Voice Therapy #3


For several weeks I’ve been suffering from an annoying sinus problem and as a result my vocal performance has been suffering as I was constantly felt the need to clear my throat before each and every attempt of intoning and/or speaking. After a visit to my clinician, who immediately refereed me to an ENT specialist for additional inspection. 

Nasal endoscopes aren’t cool, they’re un-comfy and the gels they use has a strange aroma. Soon after I’m prescribed a couple packs of Nasonex nasal spray which should help remove buildup. It’s been a few weeks since then, my sinus problem has somewhat cleared up though treatment is still underway… Further checkups due in eight weeks. Joy!!

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Ugh.. I hate the sound of my own voice. Hahaha!

Before starting, my coach reminds me “Your voice therapy performance is going well and should have no problems gaining a more than passable feminine voice”. I pretty much nodded in acknowledgement then explained, since my previous session, I’ve seen consulted with a specialist regarding the lack of clarity, awkwardness I felt in previously, that my throat and now I feel so much more relaxed and less congestive. He then goes to check my intoning frequencies. After a few minutes of humming, I’m surprised to learn my readings has improved. I’m now able to produce and sustain vocal frequencies from 125 and peaking at 337 Hz (which is way beyond ‘typical’ apparently) and suggests my comfort zone in “speech” to be approximately 170-247 Hz :))

Again I’m told, as a reminder “anything above 180 Hz is considered female” by the human ear.
My coach seems to think what I’m able to reproduce and control has a lot with my former training as a vocalist.

So happy!!

Unfortunately, if I wish to continue singing, I’ll need to take additional sessions to alter/feminize my singing voice
~ Most likely to be something to look into later 😉

Then I’m asked did I have any problem with my home excesses?? I explained, admittedly, I was a little confused as to what was meant with “intoning” and “speaking”. Today’s session helped me a lot to understand the difference, more importantly why we do both. Intoning is an exercise, it’s objective is to prepare our voice for work. It also helps us to tune to certain tones. In my case, my home tone or “pitch” is 201 Hz

Next came learning to speak in a less monaural manner. In this segment I’m given examples of how your typical guy speaks and an example of how women speak.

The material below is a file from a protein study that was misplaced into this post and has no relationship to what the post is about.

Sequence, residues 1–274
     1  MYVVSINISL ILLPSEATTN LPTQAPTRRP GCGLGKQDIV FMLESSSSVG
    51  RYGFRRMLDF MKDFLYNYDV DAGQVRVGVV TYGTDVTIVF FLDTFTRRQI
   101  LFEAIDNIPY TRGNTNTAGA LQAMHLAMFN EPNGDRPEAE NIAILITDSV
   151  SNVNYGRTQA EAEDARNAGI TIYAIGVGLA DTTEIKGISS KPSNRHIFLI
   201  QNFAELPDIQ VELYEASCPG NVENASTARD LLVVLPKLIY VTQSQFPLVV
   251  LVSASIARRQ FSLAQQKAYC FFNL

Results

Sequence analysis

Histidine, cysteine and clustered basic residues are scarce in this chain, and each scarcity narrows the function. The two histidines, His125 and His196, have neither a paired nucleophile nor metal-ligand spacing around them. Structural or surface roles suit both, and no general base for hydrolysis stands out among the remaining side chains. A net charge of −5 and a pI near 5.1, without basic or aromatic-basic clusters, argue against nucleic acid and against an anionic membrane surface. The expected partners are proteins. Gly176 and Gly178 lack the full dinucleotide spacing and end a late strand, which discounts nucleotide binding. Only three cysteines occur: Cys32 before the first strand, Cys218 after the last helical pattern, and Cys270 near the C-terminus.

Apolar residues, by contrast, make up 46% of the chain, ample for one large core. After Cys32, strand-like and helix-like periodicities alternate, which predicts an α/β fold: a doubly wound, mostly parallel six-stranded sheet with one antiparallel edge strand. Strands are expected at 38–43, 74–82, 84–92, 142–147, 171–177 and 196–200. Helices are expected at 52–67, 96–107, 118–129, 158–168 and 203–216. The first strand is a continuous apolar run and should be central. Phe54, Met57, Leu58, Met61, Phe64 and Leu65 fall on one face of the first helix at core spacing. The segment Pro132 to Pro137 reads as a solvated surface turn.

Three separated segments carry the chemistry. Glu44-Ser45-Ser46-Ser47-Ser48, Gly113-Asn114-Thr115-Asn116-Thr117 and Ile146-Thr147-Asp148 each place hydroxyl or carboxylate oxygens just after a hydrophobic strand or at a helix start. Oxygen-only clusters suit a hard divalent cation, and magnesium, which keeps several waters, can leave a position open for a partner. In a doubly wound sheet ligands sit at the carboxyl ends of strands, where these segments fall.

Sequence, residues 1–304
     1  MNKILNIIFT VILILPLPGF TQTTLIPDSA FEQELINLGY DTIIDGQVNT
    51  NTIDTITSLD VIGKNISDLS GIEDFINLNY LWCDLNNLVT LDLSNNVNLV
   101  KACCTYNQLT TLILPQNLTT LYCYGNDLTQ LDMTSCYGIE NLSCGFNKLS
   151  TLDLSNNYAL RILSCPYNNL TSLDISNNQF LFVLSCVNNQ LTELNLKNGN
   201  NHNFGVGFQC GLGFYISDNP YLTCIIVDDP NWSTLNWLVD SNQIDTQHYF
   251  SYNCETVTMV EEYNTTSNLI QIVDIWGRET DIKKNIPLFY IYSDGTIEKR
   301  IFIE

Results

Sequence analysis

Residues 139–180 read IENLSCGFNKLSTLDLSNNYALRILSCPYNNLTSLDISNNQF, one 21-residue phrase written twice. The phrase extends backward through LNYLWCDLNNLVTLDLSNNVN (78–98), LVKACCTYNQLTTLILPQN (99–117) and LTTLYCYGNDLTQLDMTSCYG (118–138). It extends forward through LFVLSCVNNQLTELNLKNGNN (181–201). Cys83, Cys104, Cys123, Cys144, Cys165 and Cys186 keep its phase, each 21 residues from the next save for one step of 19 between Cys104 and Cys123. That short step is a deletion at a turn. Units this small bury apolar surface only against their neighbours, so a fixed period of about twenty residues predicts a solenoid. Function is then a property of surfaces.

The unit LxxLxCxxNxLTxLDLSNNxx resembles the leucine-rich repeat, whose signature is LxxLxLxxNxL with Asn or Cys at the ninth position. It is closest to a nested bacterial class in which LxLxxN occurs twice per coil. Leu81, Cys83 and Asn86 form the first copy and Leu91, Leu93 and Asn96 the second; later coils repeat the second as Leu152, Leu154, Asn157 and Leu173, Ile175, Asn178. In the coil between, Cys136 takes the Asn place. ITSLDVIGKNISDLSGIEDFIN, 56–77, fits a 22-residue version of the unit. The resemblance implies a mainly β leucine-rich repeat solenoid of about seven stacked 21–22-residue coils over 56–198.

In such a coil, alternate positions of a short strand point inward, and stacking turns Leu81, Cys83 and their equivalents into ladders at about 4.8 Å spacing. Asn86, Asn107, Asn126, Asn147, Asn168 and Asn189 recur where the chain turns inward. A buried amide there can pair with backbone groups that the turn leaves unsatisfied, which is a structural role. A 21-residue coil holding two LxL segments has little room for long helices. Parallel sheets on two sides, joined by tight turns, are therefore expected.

key: rise, normal, fall

f : “It’s a beautiful day, isn’t it?”
m : “It is a beautiful day.”

Then asked am I able to hear the differences and explain how do they differ? I enquirer why? I’m told that some patients are unable to distinguish the differences due to poor hearing or being tone deaf.

Next we spent a moment to illustrate on paper how difference genders used intonation in words and sentences, he goes on to explain various language patterns I should consider. And as part of my homework, I’ve given several sheets to practice… They’re mostly words beginning with “M” or the “mmm” sounds, try use them in sentences and play with different emphasis.

Prior to these classes I’ve never really analyzed the way we express ourselves, particularly in speech.. I’m told, when I normally speak, I, have some form of tonal intonation in my sentences but they’re not as defined as a woman would speak… Therefore I should consider working on them, learn to embellish my words with more depth and more emphasis.

Mmm… Guess this make me more feminine by default?

Related posts:
Voice Therapy Session 1, Session 2Session 4Session 5Session 6

About Matthew Mills

[mk_circle_image src=”http://cdn.msnikita.com/wp-content/uploads/2014/03/matthew-mills-round.jpg” image_diameter=”240″]

Lead Specialist Speech and Language Therapist at the Gender Identity Clinic, London
Matthew Mills BA (Hons) MSc AGSM LTCL Mus Ed cert. MRCSLT Reg.HCPC

Matthew is Lead Specialist Speech and Language Therapist (Transgender Voice and Communication) at the Gender Identity Clinic, London where he has worked since 2009. He is also a voice coach and musician and teaches actors at voice coaches at Royal Central School of Speech & Drama, London. He teaches speech and language therapy students at the University of Greenwich. He originally trained as an actor and singer at Guildhall School of Music & Drama and worked in theatre film and television for 15 years.